Edinburgh Tattoo: The story behind the biggest show of the 2014 Edinburgh Festivals
- Claire Sawers
- 15 July 2014
This article is from 2014
The projection artist behind the state-of-the-art video used in the 2014 Edinburgh Military Tattoo
He’s worked at World Cups and Golden Jubilees, but projection artist Ross Ashton still gets a particular thrill from the Tattoo. Claire Sawers talks to him about lighting up Edinburgh Castle and that special Scottish summer weather
In the past, Ross Ashton has projected giant fire-breathing dragons onto Edinburgh Castle, covered the ramparts in massive white cobwebs, turned the barracks into a Gotham City skyline, and beamed intricate patterns of anchors, saltires and theatre curtains onto the walls. Yet the man responsible for the state-of-the-art video projections every year at the Military Tattoo can’t work his own telly properly.
‘Weirdly, at home I’m a bit of a luddite,’ Ashton confesses. ‘We moved house not long ago and I’ve still not got round to setting up the surround sound system on the TV. I suppose it’s something to do with working with projections and images all day; you come home, and screens and cables are the last thing you want to see!’
Ashton and the team at The Projection Studio in London have been providing artwork for the Edinburgh Military Tattoo since 2005. As soon as one Tattoo is over, they begin planning the following year’s spectacle, carefully measuring the distances, mapping out exactly where the designs need to fall, and liaising with the organisers on what music will be played.
‘As buildings go, Edinburgh Castle is definitely one of the most challenging and complex ones to work with,’ says Ashton, who also beams glowing pictures onto the likes of Buckingham Palace, Durham Cathedral and York Minster when he’s not working on the Tattoo. ‘It’s incredibly dark stone, so a lot of designs wouldn’t even be legible if we tried to project them. And funnily enough, the stone has a habit of getting wet in Edinburgh,’ he deadpans. ‘It’s been known to have the occasional rain shower,’ he adds, clearly a man in the know after spending nine consecutive summers in the capital.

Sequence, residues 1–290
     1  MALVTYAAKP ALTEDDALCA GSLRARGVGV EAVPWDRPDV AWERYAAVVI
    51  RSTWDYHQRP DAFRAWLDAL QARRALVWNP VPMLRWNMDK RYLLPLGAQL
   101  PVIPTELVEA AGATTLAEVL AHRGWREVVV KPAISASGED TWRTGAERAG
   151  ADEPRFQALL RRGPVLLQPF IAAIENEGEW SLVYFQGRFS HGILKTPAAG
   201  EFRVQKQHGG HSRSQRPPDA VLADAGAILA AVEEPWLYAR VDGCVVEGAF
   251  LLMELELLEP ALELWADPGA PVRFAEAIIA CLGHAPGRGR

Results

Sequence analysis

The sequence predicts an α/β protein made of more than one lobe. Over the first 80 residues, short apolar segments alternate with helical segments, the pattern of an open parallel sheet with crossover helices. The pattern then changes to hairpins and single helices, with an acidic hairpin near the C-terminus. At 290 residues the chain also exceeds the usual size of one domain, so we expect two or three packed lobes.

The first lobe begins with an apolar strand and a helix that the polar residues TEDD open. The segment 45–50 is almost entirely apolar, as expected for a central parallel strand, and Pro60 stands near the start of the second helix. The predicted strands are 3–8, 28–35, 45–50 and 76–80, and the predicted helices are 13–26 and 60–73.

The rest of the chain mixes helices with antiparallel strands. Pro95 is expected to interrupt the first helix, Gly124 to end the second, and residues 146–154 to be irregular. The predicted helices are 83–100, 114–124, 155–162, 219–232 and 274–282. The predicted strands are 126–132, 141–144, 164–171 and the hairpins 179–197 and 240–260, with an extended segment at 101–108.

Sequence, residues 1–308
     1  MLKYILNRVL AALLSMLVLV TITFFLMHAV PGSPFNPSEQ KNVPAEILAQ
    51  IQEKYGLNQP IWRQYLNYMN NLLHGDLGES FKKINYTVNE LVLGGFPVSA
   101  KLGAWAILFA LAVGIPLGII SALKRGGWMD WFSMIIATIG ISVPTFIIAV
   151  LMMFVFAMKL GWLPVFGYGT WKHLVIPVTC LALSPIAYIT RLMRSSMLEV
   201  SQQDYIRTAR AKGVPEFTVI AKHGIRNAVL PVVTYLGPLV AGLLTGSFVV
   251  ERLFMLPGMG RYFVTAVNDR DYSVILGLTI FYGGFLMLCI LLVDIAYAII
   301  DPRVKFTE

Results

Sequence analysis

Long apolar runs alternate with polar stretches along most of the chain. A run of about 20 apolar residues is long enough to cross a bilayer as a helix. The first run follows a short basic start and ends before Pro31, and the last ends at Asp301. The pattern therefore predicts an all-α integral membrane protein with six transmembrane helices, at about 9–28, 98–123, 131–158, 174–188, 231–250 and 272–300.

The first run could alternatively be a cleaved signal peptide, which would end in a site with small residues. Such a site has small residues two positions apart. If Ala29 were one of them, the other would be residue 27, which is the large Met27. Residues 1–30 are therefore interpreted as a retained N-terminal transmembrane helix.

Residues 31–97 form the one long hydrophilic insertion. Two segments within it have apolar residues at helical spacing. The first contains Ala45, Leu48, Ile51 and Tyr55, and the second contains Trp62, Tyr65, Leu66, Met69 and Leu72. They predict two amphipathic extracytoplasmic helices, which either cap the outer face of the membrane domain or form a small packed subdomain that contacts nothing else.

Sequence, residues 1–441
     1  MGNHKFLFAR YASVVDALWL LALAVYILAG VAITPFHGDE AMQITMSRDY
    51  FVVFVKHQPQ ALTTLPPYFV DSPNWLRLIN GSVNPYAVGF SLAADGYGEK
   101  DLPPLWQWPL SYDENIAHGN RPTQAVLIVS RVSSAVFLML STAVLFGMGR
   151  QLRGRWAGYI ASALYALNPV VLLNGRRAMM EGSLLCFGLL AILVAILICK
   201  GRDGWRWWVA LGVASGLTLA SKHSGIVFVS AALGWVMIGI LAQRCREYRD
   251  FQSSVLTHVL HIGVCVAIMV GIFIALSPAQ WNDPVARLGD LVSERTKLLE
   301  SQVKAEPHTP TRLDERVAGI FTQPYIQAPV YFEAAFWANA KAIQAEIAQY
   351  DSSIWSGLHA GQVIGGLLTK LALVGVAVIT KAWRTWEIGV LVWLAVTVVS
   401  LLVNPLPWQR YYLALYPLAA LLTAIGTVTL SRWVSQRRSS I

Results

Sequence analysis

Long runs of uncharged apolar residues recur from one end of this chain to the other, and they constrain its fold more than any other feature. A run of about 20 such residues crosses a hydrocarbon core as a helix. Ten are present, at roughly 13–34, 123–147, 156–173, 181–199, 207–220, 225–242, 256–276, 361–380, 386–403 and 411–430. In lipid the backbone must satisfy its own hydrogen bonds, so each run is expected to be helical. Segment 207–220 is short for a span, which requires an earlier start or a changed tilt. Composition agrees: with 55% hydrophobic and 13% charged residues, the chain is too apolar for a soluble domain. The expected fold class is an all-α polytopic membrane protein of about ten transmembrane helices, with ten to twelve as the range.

But despite this tendency for the heavens to open in Edinburgh, the Tattoo has never once been cancelled. And it’s been running since 1950. ‘It’s really true that the show must go on,’ says Ashton. ‘Luckily it doesn’t affect the projections much, it just makes the stone even darker when it’s wet. But after ten years, I know the tricks for getting the best and brightest results. It’s the soldiers marching who I feel sorry for! Performing in wet kilts can’t be very fun.’
Soggy tartan aside, the soldiers themselves provide much of the inspiration for the artwork used. Ashton works closely with the Tattoo’s planners to find out which marching bands, troops and motorbike display teams will be taking part, and ties the designs in accordingly.
‘For example, this year a marching band from Malta is taking part. We’re working with illustration students from the City of Glasgow College, and because Malta is famous for its lace-making, they’ve created these lace patterns that we’re going to drape all over the castle. We’ll mix their designs with geometric patterns based around the Maltese Cross and the St George’s Cross.’
This year’s Tattoo will be themed around the Year of Homecoming 2014 and, according to Ashton, aims to celebrate the wide Scottish diaspora. It’s a tribute to the Scots who have settled all over the world, bearing in mind that a good portion of them may well be sitting right there in the crowd: it’s estimated 70% of the Tattoo’s audience come from outside Scotland.
‘We were thinking about these Scots who have emigrated over the past couple of centuries, and now their grandsons and granddaughters – and great grandsons and granddaughters – might well be back performing on the Esplanade, or sitting up in the audience.’ Ashton is half-Scottish himself – his mother is from Ayr – and he loves that his work provides him with an excuse to relocate to Edinburgh every summer.
‘I’ve come to know the city pretty well over the years, and it’s a great place to spend a month. I know the weather intimately too because of my work. It’s not unusual for the castle to be totally hidden by the haar; you see the fog rolling in late around midnight or 1am. Then it hangs around until about midday, but it usually burns off.’
Ashton enjoys his regular Tattoo gig, more so than some of the other very high profile jobs he’s had in the past. Creating the closing ceremony for the 2010 FIFA World Cup in Johannesburg may have been a career highlight, but the charms of the beautiful game itself were a bit lost on him. ‘I’m really not a football fan,’ he laughs. ‘I mean, they’re just the dullest games to watch!’
Looking back through his CV, he remembers the New Year’s Eve celebrations in London as ‘always being lots of good fun’, where he’s beamed 100m tall films of Boris Johnson, Ricky Gervais, Helen Mirren and others onto the side of buildings, and let them deliver their Hogmanay messages to the crowds. He’s also worked on Buckingham Palace four times now, including the Queen’s Golden Jubilee celebrations in 2002.
‘You might think I’m just saying this, but it’s a real privilege to get asked back year after year to the Tattoo,’ says Ashton. ‘Normally my projects are one-offs. I don’t get pre-show nerves anymore, but what I do get is that moment on the very first night of the Tattoo when you first hear the pipers and drummers en masse, and they flick all the lights on at once: that gets me every time. That’s a moment I really live for.’
The Royal Edinburgh Military Tattoo, Edinburgh Castle, 0131 225 1188, 1–23 Aug, Mon–Fri, 9pm, £25–£60; Sat 7.30pm, 10.30pm, £27–£62. Preview 31 Jul, 9.30pm, limited half-price tickets
available from 21 Jul.